- The mental world describes our human faculties of thinking, imagination, etc. (”Mind” for brevity)
- The platonic mathematical world is the sum of consistent mathematical/logical structures and concepts (“Ideals” for brevity)
- The physical world is the normal physical world that we experience with our senses and scientific instruments (”World” for brevity)
Popper described a fascinating relationship between these three worlds:
- The mind can understand and generate everything ideal.
- The set of all ideals appears to be the seed or basis of the real world.
- The world literally contains the mind, bringing us back to where we started.
I build on this framework in the diagram below, which I term Popper’s Three worlds: HSM Extension (PTWHE), to incorporate the three qualities of the good, the true and the beautiful into the story:
- The good is the set of well-formed ideals that relate to the concerns of conscious creatures (minds).
- The true is the mind manifesting an understanding of the world.
- The beautiful is the world manifesting the ideal, recognizable by the symmetry and pattern of that which we find beautiful.
We have many strategies that we use to pursue these things, and of course ethics, science and aesthetics which are the study of them, respectively, in themselves. The true, the good and the beautiful are, famously, not reducible to each other; my best attempt at choosing a word that suggests a devotion to them all is grace. To have grace is to embrace the good, freely, the truth, openly, and beauty, deftly.
What would it mean to manifest this orientation in our computer systems? To make my final point, I’d like to show you a diagram (redrawn) from my first real work in this area, Why the Ethical Character of the Internet Matters, from my series, The Future of Coordinated Thinking.
This is to say that the patterns of our thinking influence the set of ideas that we hold, which in turn influence how we build our computers, which in turn influences how we think, and so on. You might notice the similarity between this and the construct that we’ve been developing thus far; where:
|Mind (and so on)
|How we Think
|How we Think (and so on)
My framework, which we might call HSM’s Three Places is indeed a subset of Popper’s Three Worlds. So what are the equivalents of the the good, true and beautiful in this system?
Here’s the formulation that we follow here at HSM, which we can call HTPE (HSM’s Three Places Extended):
- Where in PTWHE we had the good, positioned between the mind and ideals, in HTPE we have Freedom; Freedom is most human aspect of The Way We Think manifested as a set of Ideas. We need freedom in order to achieve the Good, and to develop an ethical sense: you’re a good person only if you do the right thing voluntarily.
- In PTWHE we had Beauty between the World and Ideals, in HTPE we have Ideisomorphism (meaning the style of computers for which it is natural to express human thought). Ideisomorphism is the proper manifestation of Ideals in Computers. Ideisomorphism is a bridge to Beauty, giving us the flexibility and nuance we need to express it.
- In PTWHE we had Truth between the World and the Mind, in HTPE we have Interoperability (for the uninitiated, interoperability is like a step up from compatibility, based on open systems and fully-understood interfaces). Interoperability is the best manifestation of computers in how we think, interoperability, i.e. the openness and explicitness of speech facilitates connection and understanding between people, especially those who think differently. It is thus a gateway to Truth.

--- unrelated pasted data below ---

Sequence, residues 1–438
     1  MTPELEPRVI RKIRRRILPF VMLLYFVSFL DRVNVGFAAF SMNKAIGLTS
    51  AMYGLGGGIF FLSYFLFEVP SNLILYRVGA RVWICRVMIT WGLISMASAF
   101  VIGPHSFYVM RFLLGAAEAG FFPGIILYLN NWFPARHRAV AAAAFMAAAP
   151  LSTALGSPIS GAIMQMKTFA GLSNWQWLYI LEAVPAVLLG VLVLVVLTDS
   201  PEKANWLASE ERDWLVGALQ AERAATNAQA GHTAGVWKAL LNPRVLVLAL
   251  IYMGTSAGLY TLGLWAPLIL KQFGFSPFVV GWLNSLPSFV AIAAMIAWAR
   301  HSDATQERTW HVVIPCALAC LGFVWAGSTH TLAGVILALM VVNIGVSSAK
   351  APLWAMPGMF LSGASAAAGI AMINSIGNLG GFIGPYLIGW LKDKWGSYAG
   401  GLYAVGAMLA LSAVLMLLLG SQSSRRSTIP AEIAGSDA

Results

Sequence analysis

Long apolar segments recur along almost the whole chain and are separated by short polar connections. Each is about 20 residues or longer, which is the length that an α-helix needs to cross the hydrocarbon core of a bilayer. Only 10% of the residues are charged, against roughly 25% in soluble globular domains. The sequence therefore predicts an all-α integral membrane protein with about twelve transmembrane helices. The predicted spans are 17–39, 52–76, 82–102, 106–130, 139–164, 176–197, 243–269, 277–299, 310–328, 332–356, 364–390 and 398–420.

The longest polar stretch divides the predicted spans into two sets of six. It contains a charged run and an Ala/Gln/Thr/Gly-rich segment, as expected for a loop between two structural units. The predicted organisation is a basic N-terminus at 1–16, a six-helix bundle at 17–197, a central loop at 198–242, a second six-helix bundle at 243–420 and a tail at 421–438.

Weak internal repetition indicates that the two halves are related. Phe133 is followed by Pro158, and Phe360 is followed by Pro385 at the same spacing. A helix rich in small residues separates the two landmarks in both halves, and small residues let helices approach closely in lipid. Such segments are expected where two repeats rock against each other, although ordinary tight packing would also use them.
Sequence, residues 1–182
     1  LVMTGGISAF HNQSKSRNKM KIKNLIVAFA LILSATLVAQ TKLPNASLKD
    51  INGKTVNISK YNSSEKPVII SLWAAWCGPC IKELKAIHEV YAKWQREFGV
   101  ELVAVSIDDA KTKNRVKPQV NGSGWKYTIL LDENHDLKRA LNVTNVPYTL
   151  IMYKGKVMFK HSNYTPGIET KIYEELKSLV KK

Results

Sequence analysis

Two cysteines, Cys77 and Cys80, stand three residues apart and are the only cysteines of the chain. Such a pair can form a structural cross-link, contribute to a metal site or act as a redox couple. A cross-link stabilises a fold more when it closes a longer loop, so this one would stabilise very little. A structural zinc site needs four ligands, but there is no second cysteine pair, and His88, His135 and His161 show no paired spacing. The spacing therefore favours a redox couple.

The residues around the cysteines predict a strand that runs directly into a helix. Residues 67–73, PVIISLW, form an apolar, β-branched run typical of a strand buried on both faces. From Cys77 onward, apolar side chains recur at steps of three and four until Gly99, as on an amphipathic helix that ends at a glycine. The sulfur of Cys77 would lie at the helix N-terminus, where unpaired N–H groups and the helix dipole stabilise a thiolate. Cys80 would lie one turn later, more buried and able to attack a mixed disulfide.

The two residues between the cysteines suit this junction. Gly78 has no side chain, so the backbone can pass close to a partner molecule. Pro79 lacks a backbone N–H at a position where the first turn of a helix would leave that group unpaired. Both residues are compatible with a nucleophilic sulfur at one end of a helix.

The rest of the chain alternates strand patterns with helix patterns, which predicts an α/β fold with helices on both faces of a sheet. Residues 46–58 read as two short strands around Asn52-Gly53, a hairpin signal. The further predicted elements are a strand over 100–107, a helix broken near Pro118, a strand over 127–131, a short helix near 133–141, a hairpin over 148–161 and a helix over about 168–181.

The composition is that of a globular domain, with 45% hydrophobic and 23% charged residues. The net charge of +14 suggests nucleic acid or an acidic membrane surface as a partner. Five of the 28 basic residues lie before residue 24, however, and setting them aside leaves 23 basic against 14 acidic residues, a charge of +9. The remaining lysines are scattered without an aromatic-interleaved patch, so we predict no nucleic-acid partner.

|Popper’s Three Worlds: HSM Extension
|manifesting (concerns of)
|HSM’s Three Places Extended
|How We Think
|How We Think
These are of course merely methods: the true, good and beautiful will always warrant study and exploration in and of themselves. Meanwhile, tools that are interoperable, ideisomorphic and free (as in freedom) only allow you to live gracefully through them or perhaps hint at it; trying to force adherence to some specific morality or set of ethics via technology ends up violating one of these higher values, and certainly should not be in the purview of a platform such as HSM.
As mentioned above, we suffer from computosis because our systems are built on what is natural to implement in a computer, with accidents of corporate history baked in. This is destroying and deranging our consciousness and our communities. This is and will be just as harmful as our other obsessions with technology, such as the hurt done to American cities by an obsession with the car; the peril is more complete here, in that computers go directly for our minds.
Our philosophy of graceful systems is, therefore, a set of practices designed to mitigate and even cure computosis. This approach to the interplay of people and computers should help us to bring forth the very best out of both; the faster this cycle goes, the better things should get. The values of freedom ideisomorphism and interoperability, embedded into our creative process for technology will, we hope, bring about their mother-values of the good, beautiful and true.
Most companies think of computers as tools; we think of computers as an opportunity to cultivate our essence. Taking this idea seriously means that we must build graceful systems, now.